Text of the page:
The reward for all the hard work was the final run out to Stewart. Breathtaking scenery of mountains and glaciers towering above us with waterfalls, huge pines and a river beside us.
Today was mental. I was unhappy. I was terrified. I was LIVING!!! We encountered a bear. But it was the COWS, the fricking COWS that scared me to death. Just standing there waiting to hit me! I have been completely consumed with dying by way of the following things: cow, moose, ridiculous drop offs, large massive boulders in the road, road graders coming in our direction on OUR SIDE of the road, avalanche, road wash-aways into gorges. You know . . . regular death things. Tonight I hurt. The pain from tensed muscles is bizarre. But I’ll end with this: the VIEW is INCREDIBLE and everyone single person should see it. Time for a glass of wine and bed.
We are starting to get into the routine: Up early, rush through coffee and breakfast while worrying about the start time only to hang around for half an hour because we’re early.
I made three wrong decisions in the first two minutes of the day. Fortunately, Jan had her act together and mostly pulled us through. All seemed to have sorted itself out when we came across three stopped motorcycles admiring a bear. This held us up and, once we got going again, we found a check point around the next corner—so we must have been late! Bah!
We covered a 200-mile transit section and crossed into Yukon at 5pm. We ran the whole day with the top down—the scenery is so spectacular—and even several sharp rain showers didn’t dampen our enthusiasm. At 60mph the rain blows over our heads and we stay almost completely dry.
The TR is gathering fans everywhere it goes, especially with the other competitors. A couple of minor issues today that were quickly fixed: a wire disconnected from the coil and one windshield wiper came adrift…but it was only on the passenger side.
I have to come to grips with a couple of things. I am NOT a thrill seeker, I am NOT a boy and I DO get totally spooked. I am likely doing a disservice to all rallying women who have gone before me. As I rallied along in the passenger seat in our little red tin death trap I couldn’t help imagining the worst possible scenario for 10 hours straight. The six bears on the side of the road in the early morning didn’t help. The long, windy roads with bush right up to the edges did not help. All I could imagine was a moose prancing out in front of us. Someone here told me she hit a moose once and it was like driving into a couch in the middle of the road. NO THANKS! Arrived in Watson Lake . . . and went to bed. Tim . . . poor Tim.
Watson Lake > Whitehorse, Yukon; 560 mi.
There is a 3,000 ft drop in five miles down to Skagway, Alaska. It’s straight down. All the way down, I thought “this will be interesting coming back up…” On Main Street, we fixed a flat tire (how does that happen on smooth asphalt after all those rocky roads?) and headed back up that long hill. It was 30C/90F at the bottom and as we started the climb I had the electric fan on, the heater wide open and still watched the temp gauge steadily rise. We also had some pre-ignition as we climbed—due, I thought, to low-octane fuel but actually to a stripped thread on the distributor clamp which allowed the timing to wander. Unsurprisingly, the TR overheated. We stopped to let it cool, but not enough. After a long wait at the Canadian border, it cried enough! and suddenly blew—steam so thick that I initially thought it was a fire.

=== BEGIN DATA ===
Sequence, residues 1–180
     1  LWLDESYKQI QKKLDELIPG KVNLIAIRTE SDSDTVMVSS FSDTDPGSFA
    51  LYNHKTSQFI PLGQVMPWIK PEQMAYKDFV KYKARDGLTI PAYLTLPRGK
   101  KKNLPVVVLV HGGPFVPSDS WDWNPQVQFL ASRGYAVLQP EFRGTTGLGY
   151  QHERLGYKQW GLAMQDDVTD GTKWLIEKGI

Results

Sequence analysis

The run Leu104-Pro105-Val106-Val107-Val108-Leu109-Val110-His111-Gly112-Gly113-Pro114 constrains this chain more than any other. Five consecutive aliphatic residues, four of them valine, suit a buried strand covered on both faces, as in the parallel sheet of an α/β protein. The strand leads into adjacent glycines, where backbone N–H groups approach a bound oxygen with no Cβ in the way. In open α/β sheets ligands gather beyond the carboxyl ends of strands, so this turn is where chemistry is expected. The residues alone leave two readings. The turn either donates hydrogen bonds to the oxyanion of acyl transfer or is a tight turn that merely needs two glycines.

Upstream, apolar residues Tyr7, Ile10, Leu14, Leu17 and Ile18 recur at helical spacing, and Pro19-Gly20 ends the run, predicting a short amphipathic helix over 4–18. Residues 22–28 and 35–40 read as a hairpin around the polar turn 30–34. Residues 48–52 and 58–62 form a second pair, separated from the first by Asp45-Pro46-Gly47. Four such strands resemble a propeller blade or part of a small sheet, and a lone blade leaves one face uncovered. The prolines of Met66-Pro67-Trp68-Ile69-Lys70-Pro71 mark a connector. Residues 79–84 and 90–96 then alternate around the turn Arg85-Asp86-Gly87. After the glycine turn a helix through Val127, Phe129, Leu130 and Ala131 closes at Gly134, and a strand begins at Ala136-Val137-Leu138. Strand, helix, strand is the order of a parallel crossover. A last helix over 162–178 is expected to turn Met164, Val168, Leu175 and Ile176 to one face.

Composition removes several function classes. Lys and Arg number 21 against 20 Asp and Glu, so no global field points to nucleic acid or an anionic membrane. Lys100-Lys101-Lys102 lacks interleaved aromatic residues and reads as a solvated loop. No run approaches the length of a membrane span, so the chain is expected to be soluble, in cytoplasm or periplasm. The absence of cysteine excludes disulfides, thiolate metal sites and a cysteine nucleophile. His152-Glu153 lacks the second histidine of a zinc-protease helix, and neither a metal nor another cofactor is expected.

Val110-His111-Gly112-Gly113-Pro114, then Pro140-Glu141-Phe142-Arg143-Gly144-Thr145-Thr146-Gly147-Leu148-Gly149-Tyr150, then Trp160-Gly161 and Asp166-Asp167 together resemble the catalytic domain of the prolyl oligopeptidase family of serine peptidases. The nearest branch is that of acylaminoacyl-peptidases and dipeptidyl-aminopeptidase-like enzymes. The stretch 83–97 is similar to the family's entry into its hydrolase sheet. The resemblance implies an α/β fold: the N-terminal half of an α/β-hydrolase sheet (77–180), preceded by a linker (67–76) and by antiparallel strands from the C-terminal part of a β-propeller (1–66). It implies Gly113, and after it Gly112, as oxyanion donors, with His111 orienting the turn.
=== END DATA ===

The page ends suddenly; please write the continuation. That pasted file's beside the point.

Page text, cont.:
The TR wasn’t going anywhere under its own power, so competitors Joanna and Seth towed us the 85 miles to Whitehorse with their Toyota 4Runner. We retired to the bar thinking our rally might be over—I planned to strip off the cylinder head the next morning to see how bad things were, but put out a call on social media for a head gasket in the hope that that’s all we would need.
Today I decided that I have no control over the wildlife and made myself RELAX! It worked. When we almost ran out of gas . . . I was ZEN. When we had to change the fuel pump . . . ZEN. When we got the crack in our windshield . . . not on my side . . . war wound. No problem. When we parked in Skagway only to find out we had a flat tire . . . I sipped my latte (YES LATTE!!) in bliss. Nothing this old car can’t handle. What can we expect? 1800 miles without a flat! No problem. Going back up windy roads and the car smoking on the outside . . . nothing my lovely Tim can’t handle. Smoking on the inside and I hear Tim shout, “Holy $h**! FIRE EXTINGUISHER!!!” What? We HAVE A FIRE EXTINGUISHER IN THIS CAR??? What? Where? Panic. Pull over.